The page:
If you have had a premature baby in the past, you are more likely to have a premature delivery in future pregnancies.
In fact, the main risk factor for premature delivery is previous premature delivery. The more premature deliveries you have had, and the earlier your babies were born, the higher the risk of premature delivery in a future pregnancy.
You're also more likely to go into premature labour if:
- this is your first baby
- you are pregnant with twins, triplets or other multiples
- you have had a cervical trauma, such as treatment for an abnormal smear test
- your stomach has been injured (for example, because of physical violence or if you were in a car crash).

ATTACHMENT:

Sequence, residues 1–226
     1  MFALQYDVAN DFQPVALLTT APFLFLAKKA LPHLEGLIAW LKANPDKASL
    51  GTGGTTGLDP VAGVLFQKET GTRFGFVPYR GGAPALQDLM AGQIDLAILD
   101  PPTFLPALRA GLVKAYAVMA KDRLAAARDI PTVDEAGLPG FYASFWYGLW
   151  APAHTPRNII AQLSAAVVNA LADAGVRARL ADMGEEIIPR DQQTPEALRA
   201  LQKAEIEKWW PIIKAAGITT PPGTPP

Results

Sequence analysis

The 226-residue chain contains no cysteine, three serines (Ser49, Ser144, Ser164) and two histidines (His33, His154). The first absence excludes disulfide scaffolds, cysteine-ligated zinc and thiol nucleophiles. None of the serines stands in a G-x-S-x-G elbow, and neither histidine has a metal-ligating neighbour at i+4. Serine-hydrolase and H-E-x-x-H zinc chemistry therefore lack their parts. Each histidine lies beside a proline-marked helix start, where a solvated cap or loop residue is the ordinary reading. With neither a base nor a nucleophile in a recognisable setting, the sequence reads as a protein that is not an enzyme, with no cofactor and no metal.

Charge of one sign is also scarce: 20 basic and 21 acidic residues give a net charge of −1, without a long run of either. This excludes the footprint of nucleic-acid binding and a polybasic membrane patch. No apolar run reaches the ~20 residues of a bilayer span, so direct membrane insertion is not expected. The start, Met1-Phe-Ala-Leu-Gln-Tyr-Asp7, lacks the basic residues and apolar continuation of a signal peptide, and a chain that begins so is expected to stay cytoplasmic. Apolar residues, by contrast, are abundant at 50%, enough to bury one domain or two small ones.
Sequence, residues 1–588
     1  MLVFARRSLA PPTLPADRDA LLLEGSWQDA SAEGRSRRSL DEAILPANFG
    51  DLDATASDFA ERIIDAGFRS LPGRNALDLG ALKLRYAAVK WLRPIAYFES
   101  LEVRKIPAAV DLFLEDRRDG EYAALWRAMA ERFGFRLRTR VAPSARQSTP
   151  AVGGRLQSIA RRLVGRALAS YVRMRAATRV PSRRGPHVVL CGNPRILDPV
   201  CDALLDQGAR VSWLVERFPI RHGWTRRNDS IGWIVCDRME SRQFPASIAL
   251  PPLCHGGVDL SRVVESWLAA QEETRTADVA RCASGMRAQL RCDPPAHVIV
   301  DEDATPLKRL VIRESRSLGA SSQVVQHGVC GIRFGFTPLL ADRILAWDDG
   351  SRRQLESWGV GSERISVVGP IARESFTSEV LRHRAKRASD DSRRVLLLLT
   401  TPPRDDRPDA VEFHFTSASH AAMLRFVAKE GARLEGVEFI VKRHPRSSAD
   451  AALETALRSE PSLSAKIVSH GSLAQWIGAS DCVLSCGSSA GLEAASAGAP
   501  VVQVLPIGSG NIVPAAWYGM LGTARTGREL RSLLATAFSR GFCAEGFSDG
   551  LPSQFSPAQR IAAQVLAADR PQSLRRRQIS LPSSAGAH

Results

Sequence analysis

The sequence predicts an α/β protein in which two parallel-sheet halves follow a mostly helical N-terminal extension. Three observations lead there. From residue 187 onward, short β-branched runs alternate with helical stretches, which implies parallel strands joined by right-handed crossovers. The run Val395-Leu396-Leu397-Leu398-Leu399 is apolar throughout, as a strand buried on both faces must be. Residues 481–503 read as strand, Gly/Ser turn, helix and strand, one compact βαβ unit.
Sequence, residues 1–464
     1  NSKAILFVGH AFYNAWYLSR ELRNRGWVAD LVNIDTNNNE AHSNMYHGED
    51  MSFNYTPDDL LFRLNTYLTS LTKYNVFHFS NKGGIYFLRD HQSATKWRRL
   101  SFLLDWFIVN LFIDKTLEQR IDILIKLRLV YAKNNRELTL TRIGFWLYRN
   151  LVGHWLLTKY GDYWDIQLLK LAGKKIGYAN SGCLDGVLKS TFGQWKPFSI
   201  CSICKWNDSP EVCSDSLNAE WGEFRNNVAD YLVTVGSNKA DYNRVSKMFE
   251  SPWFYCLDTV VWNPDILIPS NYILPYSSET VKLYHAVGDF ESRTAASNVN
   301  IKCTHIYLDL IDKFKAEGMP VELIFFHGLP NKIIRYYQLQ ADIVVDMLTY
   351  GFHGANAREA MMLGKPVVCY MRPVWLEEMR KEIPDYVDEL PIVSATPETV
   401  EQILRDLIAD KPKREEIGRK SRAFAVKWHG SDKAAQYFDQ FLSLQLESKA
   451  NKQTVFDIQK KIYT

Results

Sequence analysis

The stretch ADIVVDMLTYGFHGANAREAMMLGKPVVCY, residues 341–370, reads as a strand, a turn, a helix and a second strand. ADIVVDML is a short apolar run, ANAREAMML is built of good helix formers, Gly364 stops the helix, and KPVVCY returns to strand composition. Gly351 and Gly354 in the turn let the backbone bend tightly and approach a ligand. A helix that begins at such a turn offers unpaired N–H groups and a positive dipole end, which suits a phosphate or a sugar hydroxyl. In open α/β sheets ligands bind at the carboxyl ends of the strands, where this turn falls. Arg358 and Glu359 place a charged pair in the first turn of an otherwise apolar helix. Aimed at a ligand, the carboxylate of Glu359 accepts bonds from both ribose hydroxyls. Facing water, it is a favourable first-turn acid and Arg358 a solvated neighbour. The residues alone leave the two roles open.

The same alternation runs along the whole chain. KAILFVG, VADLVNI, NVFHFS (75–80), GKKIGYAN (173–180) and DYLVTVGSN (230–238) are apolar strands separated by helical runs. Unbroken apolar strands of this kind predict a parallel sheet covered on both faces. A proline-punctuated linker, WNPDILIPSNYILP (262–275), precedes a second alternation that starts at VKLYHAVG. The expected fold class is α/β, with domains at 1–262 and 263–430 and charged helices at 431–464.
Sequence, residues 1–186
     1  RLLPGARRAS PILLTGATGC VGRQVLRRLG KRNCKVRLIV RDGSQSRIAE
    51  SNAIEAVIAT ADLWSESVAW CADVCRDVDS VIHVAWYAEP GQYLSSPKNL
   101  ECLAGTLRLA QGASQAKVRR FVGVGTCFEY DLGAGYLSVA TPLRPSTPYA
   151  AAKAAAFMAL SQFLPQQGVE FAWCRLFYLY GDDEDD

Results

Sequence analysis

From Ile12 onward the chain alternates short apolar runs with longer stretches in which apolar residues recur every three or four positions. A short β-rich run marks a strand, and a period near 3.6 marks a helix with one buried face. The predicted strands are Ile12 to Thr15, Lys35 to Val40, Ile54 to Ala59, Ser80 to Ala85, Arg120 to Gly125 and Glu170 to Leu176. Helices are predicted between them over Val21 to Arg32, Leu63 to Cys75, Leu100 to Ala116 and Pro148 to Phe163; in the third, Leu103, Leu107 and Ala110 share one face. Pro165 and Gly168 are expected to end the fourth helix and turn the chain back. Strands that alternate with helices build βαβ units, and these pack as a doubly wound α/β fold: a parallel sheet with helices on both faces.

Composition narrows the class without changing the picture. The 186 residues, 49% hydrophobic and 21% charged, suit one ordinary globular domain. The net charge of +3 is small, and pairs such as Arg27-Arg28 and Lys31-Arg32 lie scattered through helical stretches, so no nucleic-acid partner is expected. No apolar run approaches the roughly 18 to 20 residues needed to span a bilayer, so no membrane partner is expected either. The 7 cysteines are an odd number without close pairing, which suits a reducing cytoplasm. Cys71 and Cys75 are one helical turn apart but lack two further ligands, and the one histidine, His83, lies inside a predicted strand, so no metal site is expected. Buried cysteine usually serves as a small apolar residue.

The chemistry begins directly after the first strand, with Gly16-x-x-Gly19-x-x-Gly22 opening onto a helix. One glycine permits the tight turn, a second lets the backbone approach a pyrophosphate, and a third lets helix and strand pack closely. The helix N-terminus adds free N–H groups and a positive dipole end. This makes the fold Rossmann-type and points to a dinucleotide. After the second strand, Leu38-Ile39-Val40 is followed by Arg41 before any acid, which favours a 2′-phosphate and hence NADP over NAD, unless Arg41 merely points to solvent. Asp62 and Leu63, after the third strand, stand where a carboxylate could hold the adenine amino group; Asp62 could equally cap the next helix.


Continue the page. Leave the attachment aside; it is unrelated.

- you are under 17
- you are over 35
- you had previous Preterm Premature Rupture of the Membranes (PPROM)
- you have cervical insufficiency (cervical incompetence)
Diabetes is a condition in which there is an inability to control blood sugar levels and it leads to high amounts of sugar in the blood. Gestational diabetes is diabetes that develops during pregnancy.
Premature babies have less developed immune systems and are more susceptible to infection, but there are ways to reduce the risk.
Frequently asked questions on premature birth
The way your life is lived can have an effect on your risk of premature birth. There are some things that you will not be able to change, such as ethnicity or age but there are some others that you may be able to change.
If your baby is born early - also called 'premature' or 'preterm' - he may need special care.
Antiphospholipid syndrome (APS) is an autoimmune disorder in which the body’s immune system makes antibodies that attack and damage its own tissues or cells.
ℹLast reviewed on April 1st, 2014. Next review date April 1st, 2017.